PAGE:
(CNN) — Naked, tattooed foreigners may soon become a less unusual sight in Japan's public baths.
Tourism officials in Japan are urging onsens (hot springs) to relax rules restricting body art wearers from entering their steamy waters. Traditional onsens have long been governed by an unspoken etiquette that closely dictates behavior:
-- Bodies must be carefully washed before entering.
-- Every stitch of clothing must be removed. Even towels.
-- And tattoos are considered unacceptable.
Traditional Japanese tattoos, which cover large swaths of skin, are commonly associated with the yakuza, the country's organized crime syndicates. And people with body art are often turned away for fear of scaring off others looking for a quiet soak or a restorative ritual. Now the Japan Tourism Agency has asked for the rules to be relaxed for foreigners as visitor numbers to the country continue to rise.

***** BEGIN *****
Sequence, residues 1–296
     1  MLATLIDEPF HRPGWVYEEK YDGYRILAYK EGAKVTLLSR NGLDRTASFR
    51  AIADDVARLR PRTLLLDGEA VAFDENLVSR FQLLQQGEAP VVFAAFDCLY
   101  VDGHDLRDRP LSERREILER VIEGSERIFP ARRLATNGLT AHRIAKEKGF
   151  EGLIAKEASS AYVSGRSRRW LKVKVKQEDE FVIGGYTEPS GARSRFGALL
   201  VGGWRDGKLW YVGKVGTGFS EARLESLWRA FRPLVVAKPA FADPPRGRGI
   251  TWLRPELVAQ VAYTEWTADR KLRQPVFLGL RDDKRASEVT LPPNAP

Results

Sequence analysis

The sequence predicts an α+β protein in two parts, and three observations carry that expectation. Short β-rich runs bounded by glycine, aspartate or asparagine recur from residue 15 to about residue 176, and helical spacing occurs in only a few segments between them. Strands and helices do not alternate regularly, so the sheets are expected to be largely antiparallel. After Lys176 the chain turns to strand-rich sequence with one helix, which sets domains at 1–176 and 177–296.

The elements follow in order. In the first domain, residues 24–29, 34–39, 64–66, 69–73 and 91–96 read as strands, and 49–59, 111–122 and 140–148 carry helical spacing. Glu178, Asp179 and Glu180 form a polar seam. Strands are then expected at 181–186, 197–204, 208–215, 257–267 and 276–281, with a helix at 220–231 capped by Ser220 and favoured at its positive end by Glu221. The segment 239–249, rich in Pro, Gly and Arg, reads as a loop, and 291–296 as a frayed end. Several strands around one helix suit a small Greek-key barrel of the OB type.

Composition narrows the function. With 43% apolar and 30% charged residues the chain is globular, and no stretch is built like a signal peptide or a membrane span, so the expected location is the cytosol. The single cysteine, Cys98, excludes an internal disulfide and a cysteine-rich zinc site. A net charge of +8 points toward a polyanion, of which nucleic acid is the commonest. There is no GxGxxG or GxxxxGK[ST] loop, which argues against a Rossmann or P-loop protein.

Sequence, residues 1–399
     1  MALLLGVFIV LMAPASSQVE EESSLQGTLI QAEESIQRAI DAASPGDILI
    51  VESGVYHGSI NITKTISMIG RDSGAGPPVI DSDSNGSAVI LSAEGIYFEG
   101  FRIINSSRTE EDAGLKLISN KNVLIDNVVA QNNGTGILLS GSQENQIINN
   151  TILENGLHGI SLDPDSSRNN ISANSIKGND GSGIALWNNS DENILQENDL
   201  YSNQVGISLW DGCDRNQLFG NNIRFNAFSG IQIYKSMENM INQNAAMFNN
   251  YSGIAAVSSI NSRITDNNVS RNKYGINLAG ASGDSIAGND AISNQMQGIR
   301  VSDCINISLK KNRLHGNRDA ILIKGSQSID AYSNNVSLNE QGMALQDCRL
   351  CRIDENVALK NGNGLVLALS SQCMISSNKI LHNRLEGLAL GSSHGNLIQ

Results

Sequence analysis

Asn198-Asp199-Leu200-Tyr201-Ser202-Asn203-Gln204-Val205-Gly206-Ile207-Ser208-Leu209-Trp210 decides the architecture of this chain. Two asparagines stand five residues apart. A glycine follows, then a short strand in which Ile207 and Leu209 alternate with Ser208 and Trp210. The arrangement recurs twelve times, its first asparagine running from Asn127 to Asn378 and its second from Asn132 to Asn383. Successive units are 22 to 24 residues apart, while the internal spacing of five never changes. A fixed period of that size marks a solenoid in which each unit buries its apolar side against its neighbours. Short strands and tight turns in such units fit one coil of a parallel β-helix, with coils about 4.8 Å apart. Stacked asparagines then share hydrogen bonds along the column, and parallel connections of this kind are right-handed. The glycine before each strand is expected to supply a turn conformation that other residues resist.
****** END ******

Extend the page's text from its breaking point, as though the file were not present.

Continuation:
Tattoos in Japan, like this one on a retired yakuza boss, are commonly associated with organized crime groups.
Frank Zeller/AFP/Getty Images
"We don't put up 'no tattoo' signs, but we do ask them to refrain from using our baths if their tattoos cover large parts of their bodies and can't be concealed by a sticker," a manager at Yamagishi Ryokan, a hot spring in Yamanashi prefecture popular with foreign tourists, tells CNN.
"We treat locals with tattoos the same way we treat foreigners. But no Japanese covered in tattoos has tried to come in -- I believe they're totally aware of the rules."
The official guidance, released last week, suggests asking patrons to cover their tattoos with a sticker or use a private bath.
Seeking to improve awareness, the agency has issued reassurances to bath owners. It explained that there are often religious, cultural, aesthetic or other choices behind the body modification practice and the ink doesn't pollute the baths.